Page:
Farewell adultery: new divorce laws come into effect in April 2022 

Fifty years on since the introduction of the Divorce Reform Act, new laws coming into effect in the Spring will remove adultery as a basis for divorce. Daniel Monk, Professor of Law, discusses the history of the Act, seen as progressive for its time, and implications from the legal reform. 

Cover of book on Divorce Reform Act

Cover: Fifty Years of the Divorce Act 1969 (Hart/Bloomsbury)

On 6 April the Divorce, Dissolution and Separation Act 2021 will come into force. This long awaited statute repeals the Divorce Reform Act 1969 and sweeps away the final vestiges of matrimonial fault as a legal basis for divorce. For campaigners and family law practitioners this is a cause for celebration. The focusing on establishing adultery and detailing the ‘unreasonable’ behaviour of spouses exacerbated emotional distress and in practice had long become a ritualised often formulaic paper exercise. Removing the need to refer to individual conduct reflects not just that divorce has become far more socially acceptable but also that divorce is perceived as a right, as important as the human right to marry, a personal choice, a private matter. The decision of the Supreme Court in Owens v Owens in 2018, in which a wife’s petition for divorce was, exceptionally, defended by her husband and, even more surprisingly, rejected by the court, was, consequently, a shocking reminder of how out of step the law was with contemporary experiences and perceptions of divorce, and marriage. As such the Supreme Court judgement assisted in the path to reform, possibly intentionally.

But it is worthwhile remembering that the Divorce Reform Act 1969 was itself heralded as a progressive reform. Alongside the Sexual Offences Act 1967 and the Abortion Act 1967 it justifiably stands as a representative symbol of that permissive, increasingly secular, time. Of course, the history is more complex: all those landmark statutes were riddled with compromises.

The 1969 Act removed all references to ‘marital offences’ and ‘the guilty party’ and enshrined the principle that a divorce could be granted if the marriage had ‘broken down irretrievably’. But while it enabled this to be established by facts relating to separation and, radically, simply by consent of the parties, at the same time it repackaged earlier ‘offences’ of adultery, behaviour and desertion as ‘facts’ which could also be relied on to establish breakdown of a marriage.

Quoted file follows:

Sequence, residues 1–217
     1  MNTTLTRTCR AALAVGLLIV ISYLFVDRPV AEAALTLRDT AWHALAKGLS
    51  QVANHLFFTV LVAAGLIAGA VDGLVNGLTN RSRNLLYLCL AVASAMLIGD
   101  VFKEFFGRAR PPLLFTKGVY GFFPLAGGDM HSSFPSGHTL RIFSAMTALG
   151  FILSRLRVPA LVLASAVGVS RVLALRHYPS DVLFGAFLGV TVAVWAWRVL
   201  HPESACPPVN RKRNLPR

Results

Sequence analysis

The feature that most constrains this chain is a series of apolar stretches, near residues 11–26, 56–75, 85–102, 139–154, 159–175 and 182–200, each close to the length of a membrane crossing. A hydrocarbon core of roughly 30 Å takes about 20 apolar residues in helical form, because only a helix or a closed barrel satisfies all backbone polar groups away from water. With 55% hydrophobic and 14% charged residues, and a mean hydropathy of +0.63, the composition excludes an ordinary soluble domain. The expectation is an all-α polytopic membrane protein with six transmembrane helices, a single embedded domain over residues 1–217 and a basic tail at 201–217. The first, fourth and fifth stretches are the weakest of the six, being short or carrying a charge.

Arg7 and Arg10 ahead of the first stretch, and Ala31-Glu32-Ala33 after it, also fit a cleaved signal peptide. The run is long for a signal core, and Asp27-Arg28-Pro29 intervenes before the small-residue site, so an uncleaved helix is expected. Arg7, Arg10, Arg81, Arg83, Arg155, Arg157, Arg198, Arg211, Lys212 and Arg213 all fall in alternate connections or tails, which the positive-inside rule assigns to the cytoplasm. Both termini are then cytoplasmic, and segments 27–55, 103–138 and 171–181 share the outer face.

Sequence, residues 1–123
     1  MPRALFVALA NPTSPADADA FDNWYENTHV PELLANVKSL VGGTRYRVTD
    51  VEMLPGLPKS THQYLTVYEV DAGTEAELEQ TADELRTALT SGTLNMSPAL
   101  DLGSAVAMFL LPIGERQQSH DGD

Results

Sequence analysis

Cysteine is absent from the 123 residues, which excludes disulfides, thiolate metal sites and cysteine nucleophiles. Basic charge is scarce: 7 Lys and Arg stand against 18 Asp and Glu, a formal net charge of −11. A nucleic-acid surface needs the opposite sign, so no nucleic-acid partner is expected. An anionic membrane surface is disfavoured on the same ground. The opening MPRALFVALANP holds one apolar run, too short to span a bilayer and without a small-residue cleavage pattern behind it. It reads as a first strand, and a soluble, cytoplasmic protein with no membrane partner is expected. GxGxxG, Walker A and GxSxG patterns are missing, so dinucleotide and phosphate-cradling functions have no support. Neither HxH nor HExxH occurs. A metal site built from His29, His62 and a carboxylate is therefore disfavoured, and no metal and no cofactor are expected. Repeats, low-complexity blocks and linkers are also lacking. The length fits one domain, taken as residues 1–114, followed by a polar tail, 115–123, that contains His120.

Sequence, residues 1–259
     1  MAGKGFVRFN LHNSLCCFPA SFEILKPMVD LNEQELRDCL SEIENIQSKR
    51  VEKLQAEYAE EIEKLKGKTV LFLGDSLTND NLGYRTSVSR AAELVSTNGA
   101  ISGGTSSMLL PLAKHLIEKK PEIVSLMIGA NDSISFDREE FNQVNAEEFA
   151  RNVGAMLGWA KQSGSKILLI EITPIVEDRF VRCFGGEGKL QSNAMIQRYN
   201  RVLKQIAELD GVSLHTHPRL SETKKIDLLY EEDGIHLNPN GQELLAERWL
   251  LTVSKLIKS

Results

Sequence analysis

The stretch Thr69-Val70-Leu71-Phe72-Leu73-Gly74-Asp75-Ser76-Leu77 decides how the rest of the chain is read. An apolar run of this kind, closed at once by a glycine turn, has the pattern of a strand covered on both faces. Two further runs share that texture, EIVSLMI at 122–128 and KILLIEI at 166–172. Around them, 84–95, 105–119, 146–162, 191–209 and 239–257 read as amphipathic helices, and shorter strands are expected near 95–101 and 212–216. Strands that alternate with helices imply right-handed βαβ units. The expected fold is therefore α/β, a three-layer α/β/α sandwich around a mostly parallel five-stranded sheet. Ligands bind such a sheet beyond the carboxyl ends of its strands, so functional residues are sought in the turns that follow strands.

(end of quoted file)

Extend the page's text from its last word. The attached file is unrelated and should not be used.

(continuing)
In practice adultery and behaviour remained consistently popular ‘facts’ for divorce. There may be pragmatic reasons for this – it avoided delay and separation can sometimes be hard to establish – but it also suggests that for a large number of people attributing responsibility for the breakdown of a relationship was always more than simply a legal hurdle, but a way of validating a personal narrative or emotional truth. The social stigma attached to divorce has undoubtedly shifted, but far less, if at all, the investment in romantic ideals, conjugal coupledom and belief in the value of the making of a life-long commitment.

For many sexual fidelity remains key. Indeed, some gay and lesbian activists went so far as to complain that the law’s refusal to recognise adultery as a basis for ending same-sex marriages and civil partnerships was a form of unjust discrimination. This somewhat bizarre demand for the legal recognition of ‘same-sex adultery’ overlooked the haunting significance of ‘illegitimacy’ and gendered double standards inherent in the offence of adultery. But it demonstrates how malleable concepts are, how change and continuity go hand in hand: the commands of moral judgment morphing into desires for therapeutic justice.